Sen. Lieberman also praised DADT’s imminent demise:
“Our strongest in the world military is even stronger today with the certification that its readiness and effectiveness will not be diminished by the open service of gay and lesbian servicemembers. I thank our military leaders for their efforts over the past several months to implement this policy. Justice has been served, and we should all be grateful that patriots stand guard every day around the world protecting our precious freedoms.”
Rep. Barney Frank (D-MA) also reacted to the news:
Given Leon Panetta’s lifelong record of opposition to unfair discrimination, I knew when the President appointed him to be the Secretary of Defense that he would act promptly to implement last December’s legislation to end “Don’t Ask, Don’t Tell.”
I have a prediction: just as we have seen in those states where same-sex marriage has occurred with none of the negative consequences predicted, it will soon be clear that there was never any basis for this discriminatory policy in the first place other than prejudice, and the gay, lesbian, bisexual and transgender servicemembers will soon demonstrate that there never was a good reason to keep them from serving our country.
December 18th, 2010
There are many many people to whom we owe appreciation for the repeal of Don’t Ask, Don’t Tell: The President, many gay advocates and lobbyists, media who scrutinized and asked tough questions, Senators who steadfastly supported us, the Senate Majority Leader and Speaker of the House, and even anti-gay activists whose wackiness and obsessive hatred galvanized support for our cause.
But there are two people without whom we really could not have achieved this goal. When everything seemed impossible, they broke expectations and took the unexpected route: the path which, against all political rules, led to success.
Our community has at times been frustrated with Senator Lieberman and disappointed with Senator Collins. But today, they are heroes.
The Lieberman/Collins DADT repeal
December 10th, 2010
So far, information surrounding the efforts of Senators Lieberman (I-CT) and Collins (R- ME) to get a standalone repeal bill to end the Don’t Ask Don’t Tell policy is sparse. Here is what we know:
The bill is Senate Bill 4022 and although the text of this bill does not appear to be available online, GovTrack.us is claiming that it was introduced last night:
Dec 9, 2010: Read twice and referred to the Committee on Armed Services.
This is confusing, because Lieberman has been twittering that this bill would take advantage of Rule 14 and would not be sent to committee. It is unknown whether Rein reneged on that offer or if Lieberman was mistaken.
But this assignment may not be a lethal move. I believe that Sen Levin (D-MI) has the power to call that committee into session just for the purpose of voting it out of committee. Although Senators McCain, Inhofe, and Sessions are members, they may have limited obstructionist abilities.
The Armed Service Committee has 15 Democrats, including Lieberman. One is Joe Manchin who was the only Democrat to vote against cloture and is on record as opposing repeal “at this time.” Republicans have 12 members on the committee, but two of them are Sen. Collins and Sen. Brown who are both on record as supporting repeal. Additionally, Lindsey Graham, who is considered an unknown vote, sits on this committee, as does Saxby Chambliss, who may feel a certain amount of pressure not to appear too homophobic after an anti-gay death threat was traced to one of his staff members (though his support is a very long shot).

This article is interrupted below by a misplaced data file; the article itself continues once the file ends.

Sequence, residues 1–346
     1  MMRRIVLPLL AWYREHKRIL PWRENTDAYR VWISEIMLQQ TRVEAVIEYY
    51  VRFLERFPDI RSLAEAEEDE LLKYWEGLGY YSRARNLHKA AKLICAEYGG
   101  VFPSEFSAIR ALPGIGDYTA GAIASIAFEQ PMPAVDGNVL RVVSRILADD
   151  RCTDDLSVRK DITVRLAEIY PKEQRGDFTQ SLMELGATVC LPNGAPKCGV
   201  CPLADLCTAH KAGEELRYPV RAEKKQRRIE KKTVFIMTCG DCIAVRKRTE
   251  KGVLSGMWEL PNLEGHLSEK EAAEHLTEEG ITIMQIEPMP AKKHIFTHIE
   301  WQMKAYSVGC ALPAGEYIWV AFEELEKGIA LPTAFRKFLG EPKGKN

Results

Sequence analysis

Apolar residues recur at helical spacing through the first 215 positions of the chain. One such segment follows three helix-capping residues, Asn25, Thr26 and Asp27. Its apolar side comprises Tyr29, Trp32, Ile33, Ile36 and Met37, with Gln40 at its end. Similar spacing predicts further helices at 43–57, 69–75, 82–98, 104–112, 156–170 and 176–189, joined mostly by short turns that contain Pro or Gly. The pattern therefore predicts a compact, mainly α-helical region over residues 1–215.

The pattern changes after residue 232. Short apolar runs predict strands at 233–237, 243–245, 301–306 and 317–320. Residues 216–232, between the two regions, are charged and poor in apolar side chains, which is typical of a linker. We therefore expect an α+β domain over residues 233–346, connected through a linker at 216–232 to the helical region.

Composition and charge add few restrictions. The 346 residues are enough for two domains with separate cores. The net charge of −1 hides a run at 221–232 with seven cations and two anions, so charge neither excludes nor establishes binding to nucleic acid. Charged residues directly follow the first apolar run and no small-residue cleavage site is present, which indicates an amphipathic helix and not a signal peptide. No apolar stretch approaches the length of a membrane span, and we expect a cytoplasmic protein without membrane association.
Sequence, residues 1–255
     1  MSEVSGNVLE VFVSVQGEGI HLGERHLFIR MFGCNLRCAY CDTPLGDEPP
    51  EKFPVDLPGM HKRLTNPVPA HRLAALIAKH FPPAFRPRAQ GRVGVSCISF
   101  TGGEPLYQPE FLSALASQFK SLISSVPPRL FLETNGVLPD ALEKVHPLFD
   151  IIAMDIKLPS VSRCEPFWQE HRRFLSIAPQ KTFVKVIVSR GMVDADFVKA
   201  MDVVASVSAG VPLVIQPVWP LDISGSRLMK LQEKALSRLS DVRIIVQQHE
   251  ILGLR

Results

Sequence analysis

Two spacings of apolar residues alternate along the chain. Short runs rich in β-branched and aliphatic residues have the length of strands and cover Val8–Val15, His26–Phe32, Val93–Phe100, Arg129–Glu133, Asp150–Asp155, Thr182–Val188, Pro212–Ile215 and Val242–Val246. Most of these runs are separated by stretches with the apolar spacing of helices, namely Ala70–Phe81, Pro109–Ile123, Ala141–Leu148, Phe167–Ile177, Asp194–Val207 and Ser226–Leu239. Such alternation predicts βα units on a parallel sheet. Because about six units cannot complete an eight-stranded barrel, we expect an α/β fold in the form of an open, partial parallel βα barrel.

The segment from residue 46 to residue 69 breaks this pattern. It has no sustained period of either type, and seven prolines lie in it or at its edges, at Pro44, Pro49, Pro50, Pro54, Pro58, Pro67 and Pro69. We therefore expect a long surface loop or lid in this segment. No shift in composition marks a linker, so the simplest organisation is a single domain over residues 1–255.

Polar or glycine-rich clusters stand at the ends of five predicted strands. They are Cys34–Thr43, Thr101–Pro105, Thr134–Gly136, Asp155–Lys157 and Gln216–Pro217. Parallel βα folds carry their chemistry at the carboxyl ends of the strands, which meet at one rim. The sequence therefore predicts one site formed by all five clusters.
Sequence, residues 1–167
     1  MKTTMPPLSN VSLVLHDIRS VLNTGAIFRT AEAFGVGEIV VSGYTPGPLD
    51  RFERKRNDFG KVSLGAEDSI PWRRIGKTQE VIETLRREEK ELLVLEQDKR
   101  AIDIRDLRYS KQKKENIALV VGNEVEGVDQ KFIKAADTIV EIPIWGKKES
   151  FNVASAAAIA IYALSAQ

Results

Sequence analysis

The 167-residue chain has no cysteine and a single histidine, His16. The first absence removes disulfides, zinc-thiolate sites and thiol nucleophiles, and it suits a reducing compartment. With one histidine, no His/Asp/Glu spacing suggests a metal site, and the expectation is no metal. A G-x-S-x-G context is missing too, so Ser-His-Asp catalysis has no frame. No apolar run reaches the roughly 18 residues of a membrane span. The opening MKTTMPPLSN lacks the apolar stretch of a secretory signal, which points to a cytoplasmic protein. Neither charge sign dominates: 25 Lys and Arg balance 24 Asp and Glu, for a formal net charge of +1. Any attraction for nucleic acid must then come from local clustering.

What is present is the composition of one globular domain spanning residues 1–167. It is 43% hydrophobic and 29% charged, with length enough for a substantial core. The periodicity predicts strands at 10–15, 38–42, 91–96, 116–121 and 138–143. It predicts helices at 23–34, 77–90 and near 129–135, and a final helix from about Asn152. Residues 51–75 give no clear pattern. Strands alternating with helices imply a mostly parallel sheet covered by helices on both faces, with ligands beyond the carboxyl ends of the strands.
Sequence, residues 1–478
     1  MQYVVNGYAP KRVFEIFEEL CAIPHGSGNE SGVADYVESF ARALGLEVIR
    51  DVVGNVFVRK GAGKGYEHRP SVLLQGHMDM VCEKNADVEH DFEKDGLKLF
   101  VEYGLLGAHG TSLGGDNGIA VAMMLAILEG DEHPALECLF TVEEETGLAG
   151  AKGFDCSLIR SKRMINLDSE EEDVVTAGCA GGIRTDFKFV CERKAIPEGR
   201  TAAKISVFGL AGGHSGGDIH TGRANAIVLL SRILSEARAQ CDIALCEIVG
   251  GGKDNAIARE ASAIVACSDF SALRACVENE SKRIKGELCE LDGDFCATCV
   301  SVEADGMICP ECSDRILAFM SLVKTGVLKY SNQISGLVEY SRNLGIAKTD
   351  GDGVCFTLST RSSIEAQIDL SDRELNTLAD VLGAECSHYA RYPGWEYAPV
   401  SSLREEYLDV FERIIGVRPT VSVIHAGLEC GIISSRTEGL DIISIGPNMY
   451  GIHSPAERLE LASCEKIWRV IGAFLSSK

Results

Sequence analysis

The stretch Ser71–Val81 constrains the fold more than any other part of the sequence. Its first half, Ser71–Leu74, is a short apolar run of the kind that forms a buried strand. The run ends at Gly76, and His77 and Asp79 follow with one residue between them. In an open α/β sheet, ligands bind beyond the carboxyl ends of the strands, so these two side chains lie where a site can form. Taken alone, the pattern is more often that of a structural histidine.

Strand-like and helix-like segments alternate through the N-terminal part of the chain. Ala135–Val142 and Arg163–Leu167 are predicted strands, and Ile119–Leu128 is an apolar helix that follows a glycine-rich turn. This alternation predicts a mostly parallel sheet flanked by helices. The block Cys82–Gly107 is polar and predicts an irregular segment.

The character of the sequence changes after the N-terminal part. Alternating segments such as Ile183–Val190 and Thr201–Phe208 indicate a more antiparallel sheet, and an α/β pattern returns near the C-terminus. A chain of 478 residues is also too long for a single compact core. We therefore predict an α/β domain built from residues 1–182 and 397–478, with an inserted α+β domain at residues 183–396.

I would find it peculiar if this bill could not get out of Armed Services fairly easily.
The two other sponsors (so far) of this bill are Sen. Mark Udall (D-CO, also sits on Armed Services) and Kristen Gillibrand (D-NY).
Lieberman Proposes “Hail Mary” To Revive DADT Repeal
December 9th, 2010
According to Towleroad, Sen. Joseph Lieberman is holding a news conference saying that he and Sen. Susan Collins will introduce a stand-alone bill to repeal DADT. He says that Sen. Majority Leader Harry Reid has promised a vote on the new measure. So far, there are no details on the timing. An identical stand alone bill would also have to pass the House.
Reid Calls Snap Vote on DADT; His Failure Kills the Bill
December 9th, 2010
Sen. Majority Leader Harry Reid made the snap decision just moments ago to call for a cloture vote on the Defense Authorization Bill that contains language repealing “Don’t Ask, Don’t Tell.” It failed, garnering only 57 of the 60 votes needed, with 40 voting against. Surprisingly, Sen. Susan Collins salvaged her reputation by voting for cloture at the last minute — but only when it was clear the bill would fail.
Only a complete idiot could not see this coming, given the insistence on a relatively minimal number of amendment votes and time for debate that Sen. Collins was asking for. Sen. Joe Manchin (D-WV) voted against cloture, meaning that he doesn’t even have the social conscience of his predecessor, Robert Byrd. Olympia Snowe, Scott Brown, Lisa Murkowski, and Richard Lugar all claimed that they supported DADT’s repeal, but they support boneheaded partisan posturing even more. Like I said, only a complete idiot could not see this coming.
I wonder if Harry Reid saw it coming?
Just like before, political gamesmanship trumps sound policy. But the problem wasn’t just in the Senate. Remember, it was President Obama who insisted that the Senate shouldn’t act before the Defense Department’s study was released — a report that wasn’t scheduled to be released until December 1, right in the middle of a lame duck session following what everyone knew would be a contentious mid-term election. This was his brilliant plan, and he owns the outcome as much as Reid and the GOP.